POLES GOT SOUL

Gaby Graser dis­cov­ers the un­ex­pected plea­sures of War­saw and Cra­cow

Sunday Times - - Travel -

The strong­est econ­omy in Eastern Europe is also a de­light­ful place to visit: Poland has been a light­ning rod for in­va­sions, wars, oc­cu­pa­tions, par­ti­tions and re­nais­sances.

But over the past 25 years, the cap­i­tal War­saw has mor­phed from be­ing a dreary cen­tre of com­mu­nism to a buzzing me­trop­o­lis.

My flight from Paris was full of French­men with lap­tops and spread­sheets — they’ve de­scended on Poland, their new fron­tier, and busi­ness is boom­ing.

HONEYBEES & BOOKS

Spring was around the cor­ner. Our ho­tel in Smolna Street, the Chopin B&B, was eco-modern. They grow their own veg­gies, keep bees for guests’ break­fast honey, pro­vide bi­cy­cles for the en­er­getic (with maps), and roast their own cof­fee in the break­fast room.

The haunt­ing el­e­gance of Eastern Euro­pean art on ev­ery wall com­ple­mented the small li­braries in the rooms and on the land­ings.

Books — in many lan­guages — are big in Poland, as is mu­sic. Ev­ery night at 7.30pm, some­one played Chopin, Rach­mani­noff or Beethoven in the down­stairs pi­ano sa­lon. Wine and pas­tries were served for guests and to any­one who wan­dered in from out­side. The pi­anists ranged from 19-yearold Pol­ish prodi­gies to a 70-plus, bearded Is­raeli man. What tal­ented peo­ple!

In a top-of-the-range bus from War­saw to Cra­cow, we whizzed through miles and miles of in­dus­trial and farm lands.

Tech­ni­cal col­leges abound in vir­tu­ally ev­ery town. Tech-wise, Poland is giv­ing Ger­many a run for its money.

THE CALL OF CRA­COW

Cra­cow must be one of Europe’s best-kept se­crets. Its churches soar into the sky­line and its mu­se­ums and mon­u­ments are ex­otic and breath­tak­ing. Get there be­fore the coun­try’s beauty is tram­pled by the tourist boots.

We vis­ited friends in the Cra­cow coun­try­side for lunch in a glo­ri­ous old house, where warm, Pol­ish bread, sausages and cold meats of in­fi­nite va­ri­ety (no polony) and ex­cel­lent cheeses were de­voured.

We took cof­fee at a nearby farm, where the re­tired owner tends vine­yards, an ap­ple or­chard and pro­lific vegetable and flower gar­dens.

In his chan­de­lier-lit cel­lar, we tasted his cider cham­pagne with a mush­room pâté from his kitchen. Bliss! This was not the Poland I had imag­ined.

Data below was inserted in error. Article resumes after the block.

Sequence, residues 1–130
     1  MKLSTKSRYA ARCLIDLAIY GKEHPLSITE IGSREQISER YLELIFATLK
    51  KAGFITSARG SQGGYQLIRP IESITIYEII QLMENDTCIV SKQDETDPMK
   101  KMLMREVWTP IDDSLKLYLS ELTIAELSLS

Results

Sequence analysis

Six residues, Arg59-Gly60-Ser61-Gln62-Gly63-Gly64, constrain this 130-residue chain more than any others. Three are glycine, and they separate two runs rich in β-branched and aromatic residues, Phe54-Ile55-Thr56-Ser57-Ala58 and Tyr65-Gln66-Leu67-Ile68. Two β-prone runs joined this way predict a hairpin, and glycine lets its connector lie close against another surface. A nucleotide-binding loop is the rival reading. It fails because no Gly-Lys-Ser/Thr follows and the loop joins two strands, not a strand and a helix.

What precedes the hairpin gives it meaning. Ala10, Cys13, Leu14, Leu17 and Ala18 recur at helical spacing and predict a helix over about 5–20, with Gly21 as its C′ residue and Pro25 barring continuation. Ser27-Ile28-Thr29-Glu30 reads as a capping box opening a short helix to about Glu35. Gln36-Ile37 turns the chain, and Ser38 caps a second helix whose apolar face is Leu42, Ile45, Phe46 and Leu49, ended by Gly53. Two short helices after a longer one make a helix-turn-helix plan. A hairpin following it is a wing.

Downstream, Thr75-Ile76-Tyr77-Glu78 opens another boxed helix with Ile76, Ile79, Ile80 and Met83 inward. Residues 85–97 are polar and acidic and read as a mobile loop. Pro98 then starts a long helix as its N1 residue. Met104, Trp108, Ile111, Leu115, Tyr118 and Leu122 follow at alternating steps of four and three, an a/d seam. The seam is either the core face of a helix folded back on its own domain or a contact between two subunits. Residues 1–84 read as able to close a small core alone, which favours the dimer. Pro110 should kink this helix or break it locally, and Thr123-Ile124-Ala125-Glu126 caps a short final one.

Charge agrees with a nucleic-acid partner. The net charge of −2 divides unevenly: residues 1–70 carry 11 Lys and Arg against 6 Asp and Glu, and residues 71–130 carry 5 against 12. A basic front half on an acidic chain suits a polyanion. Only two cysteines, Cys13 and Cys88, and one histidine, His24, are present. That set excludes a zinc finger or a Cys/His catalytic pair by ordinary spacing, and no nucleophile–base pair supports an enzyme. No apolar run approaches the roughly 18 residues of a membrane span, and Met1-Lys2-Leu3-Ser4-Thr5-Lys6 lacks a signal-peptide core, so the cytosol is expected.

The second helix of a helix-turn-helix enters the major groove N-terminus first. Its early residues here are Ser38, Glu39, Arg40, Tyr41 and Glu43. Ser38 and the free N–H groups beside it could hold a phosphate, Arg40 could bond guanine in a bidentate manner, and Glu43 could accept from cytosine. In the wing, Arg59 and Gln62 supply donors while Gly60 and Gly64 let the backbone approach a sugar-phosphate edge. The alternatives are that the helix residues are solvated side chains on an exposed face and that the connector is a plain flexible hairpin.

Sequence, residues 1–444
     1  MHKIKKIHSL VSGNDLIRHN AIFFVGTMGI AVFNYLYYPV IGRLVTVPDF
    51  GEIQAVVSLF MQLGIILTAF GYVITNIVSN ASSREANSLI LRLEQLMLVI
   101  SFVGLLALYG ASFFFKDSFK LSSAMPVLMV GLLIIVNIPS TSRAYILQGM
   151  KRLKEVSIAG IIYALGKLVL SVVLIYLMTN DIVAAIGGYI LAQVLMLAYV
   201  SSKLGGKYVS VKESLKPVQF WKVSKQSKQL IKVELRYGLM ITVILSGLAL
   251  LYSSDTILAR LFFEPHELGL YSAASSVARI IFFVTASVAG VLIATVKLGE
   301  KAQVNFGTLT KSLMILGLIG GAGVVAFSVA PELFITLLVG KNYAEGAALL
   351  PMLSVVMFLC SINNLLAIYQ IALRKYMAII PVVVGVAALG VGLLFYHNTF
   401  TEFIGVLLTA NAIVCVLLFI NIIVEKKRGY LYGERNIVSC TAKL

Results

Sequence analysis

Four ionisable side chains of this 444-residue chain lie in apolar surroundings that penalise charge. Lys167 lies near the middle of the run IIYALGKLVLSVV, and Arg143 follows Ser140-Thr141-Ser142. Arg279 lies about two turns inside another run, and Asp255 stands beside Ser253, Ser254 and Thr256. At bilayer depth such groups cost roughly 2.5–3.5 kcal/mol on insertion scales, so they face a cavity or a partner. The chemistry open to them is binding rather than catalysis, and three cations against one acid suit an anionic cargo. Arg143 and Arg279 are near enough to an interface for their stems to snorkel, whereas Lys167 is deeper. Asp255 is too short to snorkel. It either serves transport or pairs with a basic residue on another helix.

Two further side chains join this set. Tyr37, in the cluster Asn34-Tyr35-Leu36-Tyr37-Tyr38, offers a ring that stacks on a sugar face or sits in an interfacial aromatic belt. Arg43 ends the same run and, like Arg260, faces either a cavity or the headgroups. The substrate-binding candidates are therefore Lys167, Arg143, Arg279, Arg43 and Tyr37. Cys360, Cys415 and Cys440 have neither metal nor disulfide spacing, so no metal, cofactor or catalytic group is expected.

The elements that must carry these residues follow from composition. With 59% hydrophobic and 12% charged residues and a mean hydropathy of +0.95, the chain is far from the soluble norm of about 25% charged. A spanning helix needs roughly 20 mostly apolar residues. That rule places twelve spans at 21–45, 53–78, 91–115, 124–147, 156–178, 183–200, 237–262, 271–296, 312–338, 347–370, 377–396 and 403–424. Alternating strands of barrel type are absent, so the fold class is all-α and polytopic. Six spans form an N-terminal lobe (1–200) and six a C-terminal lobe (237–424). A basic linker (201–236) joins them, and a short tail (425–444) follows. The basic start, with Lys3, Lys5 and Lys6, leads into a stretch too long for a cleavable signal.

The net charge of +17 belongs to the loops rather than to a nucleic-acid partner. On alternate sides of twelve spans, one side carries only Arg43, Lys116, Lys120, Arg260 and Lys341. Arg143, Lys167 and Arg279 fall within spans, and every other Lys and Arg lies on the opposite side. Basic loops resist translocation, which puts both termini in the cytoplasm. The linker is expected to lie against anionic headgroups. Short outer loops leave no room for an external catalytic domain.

At a farewell night out, we trawled War­saw’s main street, where young peo­ple in the lat­est fash­ions strolled up and down, see­ing and be­ing seen.

The cof­fee and gateau at a Mar­lene Di­et­rich-style café would put the French gourmet food com­pany Fau­chon to shame.

Frank Si­na­tra pro­vided a fit­ting back­drop to the louche pa­trons, with their furs, scarves and coats ca­su­ally hang­ing from an old, pol­ished coat stand.

RIS­ING AT LAST

The Poles have moved on from their coun­try’s tragic his­tory.

Sur­rounded by six coun­tries, Poland was in­vaded in 1655 by Swedish and Tran­syl­va­nian armies, then carved up by Rus­sia, Prussia and Aus­tria.

The coun­try gained its in­de­pen­dence in 1918, only to be in­vaded by Ger­many in 1939. We vis­ited the Old Quar­ter and the Jewish Ghetto, where those sear­ing scenes we have seen in the movies came to life.

Eighty-four per­cent of War­saw’s build­ings were flat­tened dur­ing WW2. The re­build­ing took place un­der com­mu­nism, Poland’s next scourge. But the coun­try has risen again, and ev­ery­body is look­ing to the fu­ture.

Poland is one of the Euro­pean Union’s star pro­tégées and one can only ad­mire the brave and tal­ented peo­ple of this ex­cit­ing and beau­ti­ful coun­try. ● S.

L © Gaby Graser Share your travel ex­pe­ri­ences with us in Read­ers’ World. Send your pho­tos — at least 500KB — and a story of no more than 800 words. In­clude a re­cent photo of your­self. Please note that sto­ries should not have been pre­vi­ously pub­lished else­where, ei­ther in print or on­line. ALL win­ners re­ceive R1 000. Only win­ning en­trants will be con­tacted. E-mail trav­el­[email protected]­day­times.co.za.

Pic­ture: 123rf.com/sopot­niccy

UR­BAN HEART The Old Town of Cra­cow, Poland, em­anates from a mar­ket square dat­ing back to the 13th cen­tury.

Pic­ture: Gaby Graser

HOUSE IN THE COUN­TRY The writer had a glo­ri­ous lunch on a farm in the Cra­cow coun­try­side.

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